Stanford and 18 other universities jointly filed an amicus brief with the Supreme Court opposing the Trump administration’s effort to roll back the Deferred Action for Childhood Arrivals (DACA) program, which shields young undocumented immigrants from deportation.
The brief, filed Friday, supports the Regents of the University of California’s lawsuit against the U.S. Department of Homeland Security in 2017. It argues that ending DACA would unfairly force program participants to choose between “withdrawing to the margins of our society and national economy or returning to countries that they have never called home.” It also argues that ending the program would discourage more than 1,000,000 undocumented children in the United States from pursuing their educational and professional goals.
“To achieve their ambitious goals of advancing knowledge and improving our society, schools must be able to identify and educate the very best students, and those students must be able to work after graduation,” the brief reads. “Ending DACA would unjustly sideline a discrete group of students.”
Other schools joining Stanford in the brief include seven Ivy League schools — all except Princeton — as well as the Massachusetts Institute of Technology and the California Institute of Technology.
The Obama-era program, first introduced in 2012, has allowed 700,000 undocumented youth to obtain legal status in the United States. Two years prior, then-Stanford president John Hennessy co-authored an article in POLITICO with then-Harvard president Drew Faust in support of allowing undocumented students pursue higher education in the United States.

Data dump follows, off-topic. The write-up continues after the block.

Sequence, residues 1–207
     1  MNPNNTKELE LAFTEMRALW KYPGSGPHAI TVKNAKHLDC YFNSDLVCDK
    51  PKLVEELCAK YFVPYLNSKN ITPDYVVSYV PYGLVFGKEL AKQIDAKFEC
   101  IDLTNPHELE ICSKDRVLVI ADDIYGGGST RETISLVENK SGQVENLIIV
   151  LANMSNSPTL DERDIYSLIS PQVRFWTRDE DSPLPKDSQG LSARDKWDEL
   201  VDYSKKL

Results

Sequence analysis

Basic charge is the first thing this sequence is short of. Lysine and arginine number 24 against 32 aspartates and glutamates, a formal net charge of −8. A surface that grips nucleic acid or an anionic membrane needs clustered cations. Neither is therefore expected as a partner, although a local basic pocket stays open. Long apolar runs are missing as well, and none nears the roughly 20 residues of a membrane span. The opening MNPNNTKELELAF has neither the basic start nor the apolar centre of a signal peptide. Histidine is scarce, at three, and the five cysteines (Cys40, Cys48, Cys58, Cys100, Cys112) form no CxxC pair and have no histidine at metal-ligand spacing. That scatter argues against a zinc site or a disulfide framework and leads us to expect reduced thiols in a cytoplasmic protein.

After a federal appeals court ruled against the Trump administration’s efforts to rescind the program in 2018, the government began accepting renewal applications from DACA participants filed in two-year intervals. The Trump administration has maintained its objection to DACA, arguing that Obama did not have the executive authority to create the program in the first place. DACA’s defenders charge that the government violated federal law by attempting to end the program, particularly the Administrative Procedure Act and the Fifth Amendment.
Responding to the initial announcement in 2017, University President Marc Tessier-Lavigne wrote in an online statement that DACA recipients were “already full-fledged members” of the Stanford community and that it was unfair for them to “face uncertain futures due to their immigration status.”
Stanford has also promised to protect the privacy of undocumented individuals and provide them with legal aid after the Trump Administration announced the start of Immigration and Customs Enforcement (ICE) raids earlier this year. Stanford also provides counseling and support services for DACA recipients and undocumented immigrants more generally through the Immigrants’ Rights Clinic at the Law School and the Bechtel International Center.
The Supreme Court will hear the case during its next term, which begins this month.
Contact Berber Jin at fjin16 ‘at’ stanford.edu and Daniel Yang at danieljhyang ‘at’ stanford.edu.